Mind, it was not the writing as such. It was because I was revisiting a world I recalled as full of fear, confusion, and danger.
I was fourteen years of age in 1951. Living in New York City (in Brooklyn) with my solid family. But this was the time of Senator Joe McCarthy, relentless anti-Communism, the Korean War, a constant fear of nuclear war, a time when you had to be careful what you said, and also careful about what you heard.
Indeed, the working title of the book was Season of Suspicion.
This was also the time when NYC had three baseball teams, the Brooklyn Dodgers, their arch-rivals the New York Giants and the New York Yankees. To live in Brooklyn meant you were a Dodger fan. An Obligation. A requirement. But 1951 was the time of my first major teen-rebellion. I became a Giant fan. Indeed the “Traitor,” in the title, Catch You Later, Traitor, is what Pete Collison is called (by best friend Kat) because of his change of baseball allegiance. And while the book is, in part, about that, it’s mostly about how Pete goes about trying to find the political truth about his parents—are they Reds?
Because Pete is a fan of pulp fiction, detective stories, (as I was and remain) with a particular passion for Sam Spade, he decides to be a tough detective, see like a tough detective, talk like a tough detective, and go wherever the truth leads him—like a tough detective. What he discovers is not just shocking, but completely unexpected—as it has been for most readers.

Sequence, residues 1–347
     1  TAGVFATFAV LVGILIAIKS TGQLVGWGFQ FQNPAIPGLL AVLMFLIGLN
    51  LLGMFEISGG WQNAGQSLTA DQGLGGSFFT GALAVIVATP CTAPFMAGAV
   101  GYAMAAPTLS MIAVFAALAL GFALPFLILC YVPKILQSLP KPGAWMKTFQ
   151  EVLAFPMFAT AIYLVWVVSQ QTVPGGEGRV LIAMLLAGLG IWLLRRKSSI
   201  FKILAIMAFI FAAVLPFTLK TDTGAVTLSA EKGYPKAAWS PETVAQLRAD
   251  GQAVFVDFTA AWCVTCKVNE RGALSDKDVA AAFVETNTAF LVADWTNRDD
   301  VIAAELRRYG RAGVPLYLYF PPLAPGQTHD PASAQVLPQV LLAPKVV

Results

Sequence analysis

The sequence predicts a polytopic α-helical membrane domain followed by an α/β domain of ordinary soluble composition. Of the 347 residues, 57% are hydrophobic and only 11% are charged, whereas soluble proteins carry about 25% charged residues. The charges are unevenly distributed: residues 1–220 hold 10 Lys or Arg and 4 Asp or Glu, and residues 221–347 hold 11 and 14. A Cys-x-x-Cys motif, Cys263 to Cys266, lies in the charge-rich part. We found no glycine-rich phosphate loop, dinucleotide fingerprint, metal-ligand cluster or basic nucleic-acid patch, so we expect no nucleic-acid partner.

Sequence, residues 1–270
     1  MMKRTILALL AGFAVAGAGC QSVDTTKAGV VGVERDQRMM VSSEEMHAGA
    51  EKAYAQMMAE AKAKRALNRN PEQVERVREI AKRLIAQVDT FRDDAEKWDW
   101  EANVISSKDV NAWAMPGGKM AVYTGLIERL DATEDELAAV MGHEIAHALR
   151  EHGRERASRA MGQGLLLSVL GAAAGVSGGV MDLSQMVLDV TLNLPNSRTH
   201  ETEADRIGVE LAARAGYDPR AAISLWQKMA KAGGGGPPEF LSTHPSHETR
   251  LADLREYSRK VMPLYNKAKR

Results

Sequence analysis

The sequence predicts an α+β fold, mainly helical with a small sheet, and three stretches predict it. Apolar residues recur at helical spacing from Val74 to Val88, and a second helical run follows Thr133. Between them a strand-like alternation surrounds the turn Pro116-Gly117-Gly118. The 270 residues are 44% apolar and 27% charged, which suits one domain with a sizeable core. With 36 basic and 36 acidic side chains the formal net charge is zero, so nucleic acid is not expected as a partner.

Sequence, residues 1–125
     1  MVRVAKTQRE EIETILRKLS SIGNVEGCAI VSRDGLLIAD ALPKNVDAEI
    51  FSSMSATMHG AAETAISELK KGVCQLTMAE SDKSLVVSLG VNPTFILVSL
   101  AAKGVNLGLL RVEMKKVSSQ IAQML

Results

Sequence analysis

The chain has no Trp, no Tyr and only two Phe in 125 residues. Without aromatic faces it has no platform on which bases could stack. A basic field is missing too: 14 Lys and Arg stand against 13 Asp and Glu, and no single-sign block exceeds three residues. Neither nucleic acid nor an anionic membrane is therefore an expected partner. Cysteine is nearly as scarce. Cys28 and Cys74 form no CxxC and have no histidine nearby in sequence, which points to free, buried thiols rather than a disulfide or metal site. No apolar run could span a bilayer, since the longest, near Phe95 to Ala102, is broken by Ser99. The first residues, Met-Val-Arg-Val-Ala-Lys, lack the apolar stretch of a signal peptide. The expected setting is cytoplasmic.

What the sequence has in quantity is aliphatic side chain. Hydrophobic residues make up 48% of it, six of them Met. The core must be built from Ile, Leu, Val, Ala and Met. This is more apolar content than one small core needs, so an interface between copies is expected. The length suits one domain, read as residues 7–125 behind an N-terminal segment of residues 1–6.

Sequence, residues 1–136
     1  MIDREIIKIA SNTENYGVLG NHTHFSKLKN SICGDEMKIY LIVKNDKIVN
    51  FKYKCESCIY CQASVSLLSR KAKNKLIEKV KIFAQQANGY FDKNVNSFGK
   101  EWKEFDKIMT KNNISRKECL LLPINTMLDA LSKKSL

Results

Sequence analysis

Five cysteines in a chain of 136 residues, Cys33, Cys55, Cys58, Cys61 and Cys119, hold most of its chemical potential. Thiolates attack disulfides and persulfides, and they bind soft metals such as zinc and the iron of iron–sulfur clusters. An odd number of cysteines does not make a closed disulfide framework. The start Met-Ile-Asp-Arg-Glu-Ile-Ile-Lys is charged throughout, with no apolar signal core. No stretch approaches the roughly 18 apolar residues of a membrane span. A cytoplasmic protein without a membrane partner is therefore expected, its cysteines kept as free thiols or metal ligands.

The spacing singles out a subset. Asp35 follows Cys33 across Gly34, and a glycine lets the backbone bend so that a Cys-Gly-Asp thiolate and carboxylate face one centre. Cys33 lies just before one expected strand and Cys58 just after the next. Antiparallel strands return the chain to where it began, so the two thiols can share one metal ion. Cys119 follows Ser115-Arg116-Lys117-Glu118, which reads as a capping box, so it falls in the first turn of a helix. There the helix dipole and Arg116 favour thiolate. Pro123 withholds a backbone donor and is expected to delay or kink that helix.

In the day—the 1950’s—I was taught that these subjects were not for public chatter. Taboo. Yet there I was writing a very public novel about all of this. Even though the story is a work of fiction—and Pete’s family was not my family—it all became very real to me, and therefore painful to write. As I have mentioned elsewhere, Paula Fox’s notion that “the writer’s job is to imagine the truth” didn’t apply here. I just remembered what those days were like.
The major aspect of the book that is based on something that did happen to me is that I worked for a blind man, whose name was Mr. Smith. My job was to visit him twice a week and read the newspaper to him. He also had a small coffee import business and I delivered that coffee. I learned about the job, and secured it because I was a Boy Scout, and such jobs were, from time to time, posted.
That said, my relationship with Mr. Smith was nothing like the relationship Pete had (in the book) with blind Mr. Ordson. But the metaphor of a blind person being Pete’s confidant, advisor, and friend, in this great time of crisis, was impossible to resist.
Of course, 1951 was a great time to become a Giants fan. That was the year the Giants came from fourteen games behind to beat the Dodgers in the most famous (Bobby Thompson homerun) playoff game ever played.
I will admit that the ending of the book is perhaps the most satisfying I have ever written. Because I remembered it.